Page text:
For the last few weeks, we have been running a pop-up cocktail bar and menu with the guys at the Montpellier pub in Brighton. The pub has a very new age and delicious Korean style fried chicken Street food menu, so what better opportunity for the Barlogic team to hit the research button and concoct some delicious Asian infused drinks to compliment the food offering.
The menu consists of flavours including teriyaki, satay and sesame so at Barlogic we got our taste buds in a cuddle puddle of gin, and whiskey along with chilis, sweet flavours and Western mixes to create a menu that we felt would really excite the customers, and staff alike!
These drinks will change on a regular basis but to start with flavours such as lemongrass, lychee and ginger were big players, we also managed to charge prosecco over one of the drinks and the use of Kaffir lime leaves were big players, there was a lot of room to work with and we loved the feeling of leaving our comfort zone.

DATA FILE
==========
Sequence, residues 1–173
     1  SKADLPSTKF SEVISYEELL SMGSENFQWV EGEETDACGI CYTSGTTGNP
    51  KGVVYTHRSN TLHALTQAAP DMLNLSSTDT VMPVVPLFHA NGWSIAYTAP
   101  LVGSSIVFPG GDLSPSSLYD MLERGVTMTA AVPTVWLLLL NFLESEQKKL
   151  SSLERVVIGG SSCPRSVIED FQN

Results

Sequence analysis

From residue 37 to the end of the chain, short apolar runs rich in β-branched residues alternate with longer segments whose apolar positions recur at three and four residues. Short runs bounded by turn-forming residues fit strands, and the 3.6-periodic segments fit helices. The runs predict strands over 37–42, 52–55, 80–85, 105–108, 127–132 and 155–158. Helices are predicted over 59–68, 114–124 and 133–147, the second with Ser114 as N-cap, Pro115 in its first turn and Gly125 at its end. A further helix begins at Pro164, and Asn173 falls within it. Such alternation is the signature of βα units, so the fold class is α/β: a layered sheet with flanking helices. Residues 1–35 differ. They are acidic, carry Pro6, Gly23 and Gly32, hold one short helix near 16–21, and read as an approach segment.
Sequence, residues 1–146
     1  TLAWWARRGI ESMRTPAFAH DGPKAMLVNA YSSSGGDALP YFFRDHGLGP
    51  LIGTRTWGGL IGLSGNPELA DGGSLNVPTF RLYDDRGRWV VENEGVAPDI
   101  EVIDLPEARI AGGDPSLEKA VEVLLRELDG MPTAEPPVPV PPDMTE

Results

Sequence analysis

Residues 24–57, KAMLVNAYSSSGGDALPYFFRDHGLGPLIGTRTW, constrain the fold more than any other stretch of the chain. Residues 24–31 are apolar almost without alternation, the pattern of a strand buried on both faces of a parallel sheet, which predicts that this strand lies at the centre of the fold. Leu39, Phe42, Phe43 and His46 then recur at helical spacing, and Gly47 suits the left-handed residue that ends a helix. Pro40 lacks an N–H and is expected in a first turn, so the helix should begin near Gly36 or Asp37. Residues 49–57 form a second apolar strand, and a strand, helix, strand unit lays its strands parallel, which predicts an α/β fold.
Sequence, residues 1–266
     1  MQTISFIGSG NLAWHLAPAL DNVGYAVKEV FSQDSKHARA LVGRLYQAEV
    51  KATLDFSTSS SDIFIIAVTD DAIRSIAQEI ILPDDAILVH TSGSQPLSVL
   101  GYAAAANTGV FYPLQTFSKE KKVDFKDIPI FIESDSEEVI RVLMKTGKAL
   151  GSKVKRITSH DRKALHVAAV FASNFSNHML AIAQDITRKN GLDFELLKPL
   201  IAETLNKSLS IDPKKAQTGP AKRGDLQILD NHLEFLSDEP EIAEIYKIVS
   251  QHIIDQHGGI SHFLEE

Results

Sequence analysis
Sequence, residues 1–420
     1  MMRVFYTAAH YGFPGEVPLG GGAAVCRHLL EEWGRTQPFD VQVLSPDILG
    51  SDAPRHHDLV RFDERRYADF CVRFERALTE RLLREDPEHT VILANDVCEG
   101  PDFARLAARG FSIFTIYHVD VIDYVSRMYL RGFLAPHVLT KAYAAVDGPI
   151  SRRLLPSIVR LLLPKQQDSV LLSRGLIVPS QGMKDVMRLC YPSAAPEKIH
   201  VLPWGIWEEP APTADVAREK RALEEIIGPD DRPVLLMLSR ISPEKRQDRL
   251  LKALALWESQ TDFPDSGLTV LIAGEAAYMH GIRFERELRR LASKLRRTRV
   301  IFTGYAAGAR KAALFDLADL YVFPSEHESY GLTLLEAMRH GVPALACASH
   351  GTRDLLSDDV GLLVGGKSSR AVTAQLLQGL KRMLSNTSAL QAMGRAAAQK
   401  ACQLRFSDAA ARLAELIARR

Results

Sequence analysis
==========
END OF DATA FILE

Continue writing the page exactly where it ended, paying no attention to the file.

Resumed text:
Whilst designing the menu and researching Korean drinks, we thought it only apt our next blog instalment be something totally different to our last entry and write about a specific country which of course in this case was going to be South Korea. This article will go into depth about the drinking culture, the etiquettes, spirits and cocktails this amazing country has to offer.
All about respect
In South Korea respect is a massive part of life in which the majority abides too, the young respect the old and for the main part respect of each other’s beliefs or views is a big part of their culture.
When the young are old enough to drink, they are taught by their elders how to respect their drinking etiquettes which have been passed down by generations for centuries. There is a ritual when the first drink is given to a guest or a younger person from an elder which includes the receiver using both hands (left palm at the bottom and using the right to hold) with a slight bow, then to turn away from the elder and drink in one go.
Drinking with the Boss